Unlike ‘Quiet‘, The Chimp Paradox, as you can imagine, is very upfront about its goals (dreams?). It is a self-help book. It has no ulterior motive. I am not going to go into the contents of the books and its ideas, because A) I wouldn’t do it justice; B) I may put you off reading it yourself!

I have read self-help books in the past – mainly CBT ones to try and help with my social anxiety and shyness, and The Chimp Paradox is unlike any I have read before – it actually made sense. Not because others were written or structured in to abstract or complicated way (more on that shortly), but rather – the concepts laid out made sense and made me believe that they could work for me. I believe myself to be a well rounded individual, who is on the whole happy. I know I could be doing better in certain aspects of my life both physically and emotionally (I am very shy and need to lose some serious weight) but I am not struggling in any meaningful way. I felt that The Chimp Paradox was written for me. By that I mean it seems to be pitched (in my view) at those of us who need the extra motivation and belief to improve by 5 or 10 or 20% rather than someone who perhaps is in need of low level intervention. I took from it, those there areas where I can fine tune or slightly alter my approach and other areas of my life I need to work a bit harder at. The first 2/3 of the book seem to be about getting you to think about asking yourself the right questions rather than giving you the answers. The final 1/3, whilst not outwardly saying – ‘do this, do that, the leader is good, the leader is great’ does start to solidify the help and advice. But by then, you are ready for it.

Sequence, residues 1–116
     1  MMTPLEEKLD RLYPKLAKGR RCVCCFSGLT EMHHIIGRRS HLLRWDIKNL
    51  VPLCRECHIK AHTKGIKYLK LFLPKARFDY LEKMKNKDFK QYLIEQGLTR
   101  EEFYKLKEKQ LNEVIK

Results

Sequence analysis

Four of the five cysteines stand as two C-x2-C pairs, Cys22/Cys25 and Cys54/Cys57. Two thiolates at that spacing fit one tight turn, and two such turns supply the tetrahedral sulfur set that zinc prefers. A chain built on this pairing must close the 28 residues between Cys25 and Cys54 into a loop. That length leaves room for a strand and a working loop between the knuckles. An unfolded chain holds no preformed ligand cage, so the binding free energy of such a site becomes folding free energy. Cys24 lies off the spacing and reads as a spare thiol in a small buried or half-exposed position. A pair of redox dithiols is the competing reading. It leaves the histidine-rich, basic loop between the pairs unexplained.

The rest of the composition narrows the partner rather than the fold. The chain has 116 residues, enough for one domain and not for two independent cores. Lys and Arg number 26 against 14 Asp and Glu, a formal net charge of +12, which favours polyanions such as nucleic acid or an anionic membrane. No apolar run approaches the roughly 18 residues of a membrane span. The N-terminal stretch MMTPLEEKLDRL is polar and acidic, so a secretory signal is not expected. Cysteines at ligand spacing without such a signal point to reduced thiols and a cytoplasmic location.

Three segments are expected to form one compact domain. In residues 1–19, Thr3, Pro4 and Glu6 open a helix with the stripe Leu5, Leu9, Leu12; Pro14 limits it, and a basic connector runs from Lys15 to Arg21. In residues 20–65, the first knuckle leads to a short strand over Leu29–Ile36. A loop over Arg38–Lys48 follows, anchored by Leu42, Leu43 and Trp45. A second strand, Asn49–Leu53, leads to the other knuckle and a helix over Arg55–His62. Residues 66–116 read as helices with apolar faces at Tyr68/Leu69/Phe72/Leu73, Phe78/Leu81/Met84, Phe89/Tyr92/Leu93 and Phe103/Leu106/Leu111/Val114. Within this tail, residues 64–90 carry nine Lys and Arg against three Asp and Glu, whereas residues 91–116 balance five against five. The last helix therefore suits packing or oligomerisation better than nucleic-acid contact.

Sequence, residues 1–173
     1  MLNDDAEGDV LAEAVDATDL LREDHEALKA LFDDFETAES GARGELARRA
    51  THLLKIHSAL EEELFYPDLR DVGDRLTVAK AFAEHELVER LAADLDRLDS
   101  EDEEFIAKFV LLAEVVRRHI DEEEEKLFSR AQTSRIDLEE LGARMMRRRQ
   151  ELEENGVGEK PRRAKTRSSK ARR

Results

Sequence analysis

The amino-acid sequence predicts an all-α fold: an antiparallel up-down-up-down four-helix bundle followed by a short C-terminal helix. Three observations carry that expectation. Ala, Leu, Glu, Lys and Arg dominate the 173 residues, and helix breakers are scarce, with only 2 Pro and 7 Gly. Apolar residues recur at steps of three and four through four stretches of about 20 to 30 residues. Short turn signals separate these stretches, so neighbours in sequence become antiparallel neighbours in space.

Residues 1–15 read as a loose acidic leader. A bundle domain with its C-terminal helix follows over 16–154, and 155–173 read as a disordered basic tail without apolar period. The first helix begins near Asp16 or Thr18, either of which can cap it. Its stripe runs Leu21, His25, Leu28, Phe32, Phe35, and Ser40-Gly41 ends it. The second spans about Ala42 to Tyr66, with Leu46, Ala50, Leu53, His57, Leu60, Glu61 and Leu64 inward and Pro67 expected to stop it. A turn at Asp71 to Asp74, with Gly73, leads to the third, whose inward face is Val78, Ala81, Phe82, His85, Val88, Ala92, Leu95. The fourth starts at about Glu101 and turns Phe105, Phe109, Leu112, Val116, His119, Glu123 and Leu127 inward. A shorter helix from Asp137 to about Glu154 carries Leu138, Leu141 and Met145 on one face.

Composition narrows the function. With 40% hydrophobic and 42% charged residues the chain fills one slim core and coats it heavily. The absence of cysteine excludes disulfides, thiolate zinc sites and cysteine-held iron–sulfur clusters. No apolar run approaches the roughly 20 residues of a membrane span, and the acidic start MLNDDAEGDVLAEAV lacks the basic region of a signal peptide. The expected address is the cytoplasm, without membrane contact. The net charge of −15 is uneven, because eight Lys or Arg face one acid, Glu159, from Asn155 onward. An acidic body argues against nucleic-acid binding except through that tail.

One issue with the book which takes some getting used to or may even put people off is the style of writing, narrative and concepts used to convey the ideas. It seemed very basic, and in a polite way, quite condescending (Think the Stephen Fry-Alan Davies relationship on QI). But after a couple of chapters, when the ideas began to fall into place and you see the entire ‘universe’ of the book laid out, you forget about it. It simply works. Having read it through once, I am spending a couple of days reflecting on what it means to me, before beginning to run through the exercises as laid out throughout the text. I truly believe that they will help me be me, better as “the person you want to be is the person you really are”.